The Ethics of Neoliberalism: The Business of Making Capitalism Moral

1st Edition

Peter Bloom

Routledge
April 15, 2019 Forthcoming
Reference - 220 Pages
ISBN 9780367243043 - CAT# K422751

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Summary

The 21st century is the age of "neo-liberalism" – a time when the free market is spreading to all areas of economic, political and social life. Yet how is this changing our individual and collective ethics? Is capitalism also becoming our new morality? From the growing popular demand for corporate social responsibility to personal desire for "work-life balance" it would appear that non-market ideals are not only surviving but also thriving. Why then does it seem that capitalism remains as strong as ever?

The Ethics of Neoliberalism boldly proposes that neoliberalism strategically co-opts traditional ethics to ideologically and structurally strengthen capitalism. It produces "the ethical capitalist subject" who is personally responsible for making their society, workplace and even their lives "more ethical" in the face of an immoral but seemingly permanent free market.

Rather than altering our morality, neoliberalism "individualizes" ethics, making us personally responsible for dealing with and resolving its moral failings. In doing so, individuals end up perpetuating the very market system that they morally oppose and feel powerless to ultimately change.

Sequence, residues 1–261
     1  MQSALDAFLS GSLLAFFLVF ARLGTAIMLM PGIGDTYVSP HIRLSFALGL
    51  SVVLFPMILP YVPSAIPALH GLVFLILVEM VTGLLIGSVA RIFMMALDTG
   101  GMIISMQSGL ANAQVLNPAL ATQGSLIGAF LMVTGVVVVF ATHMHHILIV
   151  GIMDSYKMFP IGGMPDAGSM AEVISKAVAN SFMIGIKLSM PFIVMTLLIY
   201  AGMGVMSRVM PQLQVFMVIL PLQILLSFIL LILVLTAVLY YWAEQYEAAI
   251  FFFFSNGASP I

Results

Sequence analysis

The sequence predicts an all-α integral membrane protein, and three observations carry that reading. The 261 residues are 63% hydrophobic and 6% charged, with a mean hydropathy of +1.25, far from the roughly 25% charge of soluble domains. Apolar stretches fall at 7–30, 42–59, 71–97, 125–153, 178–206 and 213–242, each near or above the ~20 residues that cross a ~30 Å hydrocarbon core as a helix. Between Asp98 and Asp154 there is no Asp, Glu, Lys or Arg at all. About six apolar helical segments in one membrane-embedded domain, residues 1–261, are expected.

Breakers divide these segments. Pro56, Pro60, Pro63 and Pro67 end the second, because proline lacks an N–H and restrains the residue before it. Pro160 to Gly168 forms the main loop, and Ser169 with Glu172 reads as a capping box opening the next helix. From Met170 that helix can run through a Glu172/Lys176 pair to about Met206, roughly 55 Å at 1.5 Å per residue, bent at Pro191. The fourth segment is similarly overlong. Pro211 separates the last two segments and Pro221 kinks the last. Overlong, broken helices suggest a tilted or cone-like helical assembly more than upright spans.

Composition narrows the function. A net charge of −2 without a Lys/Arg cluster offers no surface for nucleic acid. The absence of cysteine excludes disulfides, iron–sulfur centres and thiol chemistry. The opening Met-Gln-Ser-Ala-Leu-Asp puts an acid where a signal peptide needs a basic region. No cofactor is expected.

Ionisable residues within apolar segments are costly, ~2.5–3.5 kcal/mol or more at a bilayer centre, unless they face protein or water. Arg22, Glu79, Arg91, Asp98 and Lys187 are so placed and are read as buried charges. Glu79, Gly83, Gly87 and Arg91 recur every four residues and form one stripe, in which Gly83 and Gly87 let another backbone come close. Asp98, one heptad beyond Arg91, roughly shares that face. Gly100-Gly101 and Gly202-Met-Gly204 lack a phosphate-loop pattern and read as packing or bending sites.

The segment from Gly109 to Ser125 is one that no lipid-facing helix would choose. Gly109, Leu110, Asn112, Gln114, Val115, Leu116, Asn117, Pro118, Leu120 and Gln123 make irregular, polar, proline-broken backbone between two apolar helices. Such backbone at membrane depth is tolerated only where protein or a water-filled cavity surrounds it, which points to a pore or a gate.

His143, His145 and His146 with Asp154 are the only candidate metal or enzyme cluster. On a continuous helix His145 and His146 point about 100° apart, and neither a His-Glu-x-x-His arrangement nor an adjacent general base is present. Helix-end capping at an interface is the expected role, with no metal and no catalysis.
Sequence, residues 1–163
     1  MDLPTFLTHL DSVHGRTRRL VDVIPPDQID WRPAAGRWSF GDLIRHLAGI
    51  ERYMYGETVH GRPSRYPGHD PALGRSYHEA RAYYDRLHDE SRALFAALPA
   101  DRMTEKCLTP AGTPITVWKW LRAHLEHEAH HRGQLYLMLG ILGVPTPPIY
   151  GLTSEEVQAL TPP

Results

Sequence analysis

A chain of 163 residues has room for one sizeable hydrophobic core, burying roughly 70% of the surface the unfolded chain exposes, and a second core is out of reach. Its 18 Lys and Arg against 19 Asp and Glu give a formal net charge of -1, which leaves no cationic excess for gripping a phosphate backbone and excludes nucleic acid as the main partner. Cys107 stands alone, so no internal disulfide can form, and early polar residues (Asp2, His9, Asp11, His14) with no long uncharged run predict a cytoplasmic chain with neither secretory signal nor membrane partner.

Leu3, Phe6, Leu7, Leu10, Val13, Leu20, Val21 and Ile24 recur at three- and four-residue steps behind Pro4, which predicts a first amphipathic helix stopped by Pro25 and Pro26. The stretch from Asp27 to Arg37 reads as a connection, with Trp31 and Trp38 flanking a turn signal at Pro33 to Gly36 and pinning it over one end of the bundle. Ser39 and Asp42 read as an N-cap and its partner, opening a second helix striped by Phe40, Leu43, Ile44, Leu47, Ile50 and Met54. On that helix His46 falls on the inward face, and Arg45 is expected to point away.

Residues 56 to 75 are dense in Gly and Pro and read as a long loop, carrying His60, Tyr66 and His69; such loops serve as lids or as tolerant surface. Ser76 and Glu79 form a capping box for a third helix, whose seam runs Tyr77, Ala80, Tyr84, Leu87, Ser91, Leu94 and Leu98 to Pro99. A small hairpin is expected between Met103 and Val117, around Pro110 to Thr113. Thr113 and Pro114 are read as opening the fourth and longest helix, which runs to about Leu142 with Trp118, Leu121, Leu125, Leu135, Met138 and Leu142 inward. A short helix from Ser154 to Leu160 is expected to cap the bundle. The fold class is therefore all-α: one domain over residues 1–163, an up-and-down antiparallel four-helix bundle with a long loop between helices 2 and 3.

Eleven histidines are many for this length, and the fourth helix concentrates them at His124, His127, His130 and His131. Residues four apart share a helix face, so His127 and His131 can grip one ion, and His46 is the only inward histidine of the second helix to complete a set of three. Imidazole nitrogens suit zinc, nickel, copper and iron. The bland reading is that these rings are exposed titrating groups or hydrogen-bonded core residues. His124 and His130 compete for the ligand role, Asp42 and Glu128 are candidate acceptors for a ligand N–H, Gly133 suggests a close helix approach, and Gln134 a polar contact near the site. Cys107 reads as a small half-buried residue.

This analysis reveals the complex and paradoxical way capitalism is currently shaping us as "ethical subjects". People are increasingly asked to ethically "save" capitalism both collectively and personally. This can range from the "moral responsibility" to politically accept austerity following the financial crisis to the willingness of employees to sacrifice their time and energy to make their neoliberal organizations more "humane" to the efforts by individuals to contribute to their family and communities despite the pressures of a franetic global business environment. Neoliberalism, thus, uses our ethics against us, relying on our "good nature" and sense of personal responsibility to reduce its human cost in practice. Ironically

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